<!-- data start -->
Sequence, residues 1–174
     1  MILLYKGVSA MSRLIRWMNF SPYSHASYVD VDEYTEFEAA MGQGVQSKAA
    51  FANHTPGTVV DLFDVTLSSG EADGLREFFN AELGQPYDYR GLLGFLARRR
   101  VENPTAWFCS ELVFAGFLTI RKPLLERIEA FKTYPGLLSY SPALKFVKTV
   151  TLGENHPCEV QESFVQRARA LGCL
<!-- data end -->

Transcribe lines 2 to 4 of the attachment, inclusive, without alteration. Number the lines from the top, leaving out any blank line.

     1  MILLYKGVSA MSRLIRWMNF SPYSHASYVD VDEYTEFEAA MGQGVQSKAA
    51  FANHTPGTVV DLFDVTLSSG EADGLREFFN AELGQPYDYR GLLGFLARRR
   101  VENPTAWFCS ELVFAGFLTI RKPLLERIEA FKTYPGLLSY SPALKFVKTV